If you accept credit card payments from your clients, you are required to keep an accurate and current Taxpayer Identification Number and legal business name on file with your merchant account provider. It seems like a small thing, but inaccurate information (an old TIN, incorrect TIN, or errors in the legal business name) could result in a withholding of 28% of your credit card receipts.

As the American Express website explains, “Backup withholding at the current rate of 28% (subject to change) is required to be imposed on payment card transactions reported on Form 1099-K to US merchants that have not remitted their taxpayer identification numbers to the payor or in certain instances that have been notified to the payor by IRS of name/TIN mismatches.”

The IRS is supposed to notify taxpayers of mismatches before the withholding begins. However, an audit released in July 2011 by the Treasury Inspector General for Tax Administration found that the IRS had not adequately addressed the risk that funds might be withheld from merchants because the agency wasn’t able to resolve mismatches in a timely manner. Resolving such mismatches “may take significant resources for the IRS, payment-settlement entities, and taxpayers,” the audit says.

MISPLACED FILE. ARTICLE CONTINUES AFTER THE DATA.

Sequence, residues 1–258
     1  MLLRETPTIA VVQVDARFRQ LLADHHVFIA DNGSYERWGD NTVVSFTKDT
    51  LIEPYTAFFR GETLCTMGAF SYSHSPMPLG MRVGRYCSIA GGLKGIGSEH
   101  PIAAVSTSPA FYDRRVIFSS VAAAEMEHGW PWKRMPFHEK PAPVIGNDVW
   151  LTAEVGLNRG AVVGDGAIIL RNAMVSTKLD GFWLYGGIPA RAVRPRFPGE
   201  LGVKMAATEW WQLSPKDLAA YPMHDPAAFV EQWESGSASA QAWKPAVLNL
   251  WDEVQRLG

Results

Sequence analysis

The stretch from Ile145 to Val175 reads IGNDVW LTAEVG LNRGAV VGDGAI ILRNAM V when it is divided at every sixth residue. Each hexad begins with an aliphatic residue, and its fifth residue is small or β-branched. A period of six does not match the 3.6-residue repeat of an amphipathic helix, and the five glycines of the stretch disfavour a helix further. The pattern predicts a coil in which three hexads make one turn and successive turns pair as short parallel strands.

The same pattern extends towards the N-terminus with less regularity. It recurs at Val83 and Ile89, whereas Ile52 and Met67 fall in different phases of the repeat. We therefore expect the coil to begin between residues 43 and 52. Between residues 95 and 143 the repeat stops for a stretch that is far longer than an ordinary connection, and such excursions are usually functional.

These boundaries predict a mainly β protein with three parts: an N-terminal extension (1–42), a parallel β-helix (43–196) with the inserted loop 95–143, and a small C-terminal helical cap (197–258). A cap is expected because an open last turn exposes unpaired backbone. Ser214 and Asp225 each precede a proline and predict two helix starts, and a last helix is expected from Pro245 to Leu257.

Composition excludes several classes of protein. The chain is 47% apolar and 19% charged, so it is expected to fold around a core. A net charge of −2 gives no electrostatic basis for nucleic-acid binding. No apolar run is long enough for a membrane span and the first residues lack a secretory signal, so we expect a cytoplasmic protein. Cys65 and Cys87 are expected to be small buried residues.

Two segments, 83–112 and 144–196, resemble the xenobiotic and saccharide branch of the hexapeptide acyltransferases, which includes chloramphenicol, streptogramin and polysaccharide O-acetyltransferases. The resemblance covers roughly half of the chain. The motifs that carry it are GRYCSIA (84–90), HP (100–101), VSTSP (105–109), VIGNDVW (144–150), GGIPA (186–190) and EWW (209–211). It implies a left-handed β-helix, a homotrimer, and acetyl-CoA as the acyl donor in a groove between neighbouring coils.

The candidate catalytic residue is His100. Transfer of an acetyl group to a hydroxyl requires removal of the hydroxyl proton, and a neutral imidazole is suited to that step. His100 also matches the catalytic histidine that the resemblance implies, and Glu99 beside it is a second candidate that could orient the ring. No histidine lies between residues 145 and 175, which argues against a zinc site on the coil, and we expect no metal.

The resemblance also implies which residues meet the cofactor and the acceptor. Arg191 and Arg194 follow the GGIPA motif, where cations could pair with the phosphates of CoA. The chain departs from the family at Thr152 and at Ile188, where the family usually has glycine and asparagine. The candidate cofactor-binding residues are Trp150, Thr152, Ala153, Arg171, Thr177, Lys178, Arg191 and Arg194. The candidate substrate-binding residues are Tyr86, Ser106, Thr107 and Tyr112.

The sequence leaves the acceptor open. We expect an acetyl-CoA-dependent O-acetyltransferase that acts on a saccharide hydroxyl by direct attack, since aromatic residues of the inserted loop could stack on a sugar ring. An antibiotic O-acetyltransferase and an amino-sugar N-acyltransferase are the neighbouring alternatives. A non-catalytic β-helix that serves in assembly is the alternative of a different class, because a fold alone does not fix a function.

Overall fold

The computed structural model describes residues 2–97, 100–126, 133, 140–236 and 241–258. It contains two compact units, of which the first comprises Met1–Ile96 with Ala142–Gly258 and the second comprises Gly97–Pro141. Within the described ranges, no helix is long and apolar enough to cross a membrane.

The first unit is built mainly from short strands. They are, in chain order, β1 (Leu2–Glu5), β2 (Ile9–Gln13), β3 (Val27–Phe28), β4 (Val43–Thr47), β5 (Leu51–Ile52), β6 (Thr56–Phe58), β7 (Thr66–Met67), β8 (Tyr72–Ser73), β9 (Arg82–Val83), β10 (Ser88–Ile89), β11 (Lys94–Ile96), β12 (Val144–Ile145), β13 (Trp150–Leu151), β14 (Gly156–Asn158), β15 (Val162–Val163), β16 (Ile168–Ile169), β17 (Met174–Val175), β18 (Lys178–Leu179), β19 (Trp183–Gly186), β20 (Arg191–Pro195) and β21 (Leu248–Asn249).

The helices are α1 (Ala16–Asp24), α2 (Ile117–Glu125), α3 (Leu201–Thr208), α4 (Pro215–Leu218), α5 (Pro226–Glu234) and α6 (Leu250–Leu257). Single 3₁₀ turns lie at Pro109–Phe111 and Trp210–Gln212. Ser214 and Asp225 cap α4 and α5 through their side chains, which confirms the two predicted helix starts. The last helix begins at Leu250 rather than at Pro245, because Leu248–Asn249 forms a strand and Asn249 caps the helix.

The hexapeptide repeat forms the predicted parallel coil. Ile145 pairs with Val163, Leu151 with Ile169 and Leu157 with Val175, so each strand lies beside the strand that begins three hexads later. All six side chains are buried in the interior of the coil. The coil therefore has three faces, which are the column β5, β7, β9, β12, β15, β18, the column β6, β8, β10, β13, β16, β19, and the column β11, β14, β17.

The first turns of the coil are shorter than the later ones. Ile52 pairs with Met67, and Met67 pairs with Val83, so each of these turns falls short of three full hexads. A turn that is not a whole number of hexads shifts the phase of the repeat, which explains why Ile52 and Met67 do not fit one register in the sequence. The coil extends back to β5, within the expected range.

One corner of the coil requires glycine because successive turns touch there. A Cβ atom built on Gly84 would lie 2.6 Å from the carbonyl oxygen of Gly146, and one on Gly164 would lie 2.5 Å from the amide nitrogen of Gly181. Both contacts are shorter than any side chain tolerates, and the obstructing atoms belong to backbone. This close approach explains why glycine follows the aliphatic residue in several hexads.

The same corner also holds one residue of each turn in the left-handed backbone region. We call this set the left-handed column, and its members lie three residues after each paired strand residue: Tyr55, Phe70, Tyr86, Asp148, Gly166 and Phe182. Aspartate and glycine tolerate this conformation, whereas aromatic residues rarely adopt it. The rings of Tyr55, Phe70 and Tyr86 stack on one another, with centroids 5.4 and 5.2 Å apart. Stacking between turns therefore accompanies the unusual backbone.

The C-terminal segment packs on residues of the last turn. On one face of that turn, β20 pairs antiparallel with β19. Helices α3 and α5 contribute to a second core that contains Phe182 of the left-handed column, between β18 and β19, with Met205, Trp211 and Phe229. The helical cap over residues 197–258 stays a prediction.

A year and a half later, although improvements have been made to the system, there is still a risk that IRS notification or the resolution process may be delayed, resulting in withholding being triggered.

Our advice to all our clients accepting credit card payments is to double-check with merchant account providers to verify accurate numbers and legal business names. There’s only a small chance that the 28% withholding would kick in for situations in which there are inaccuracies, but the resulting headaches wouldn’t be worth taking the risk.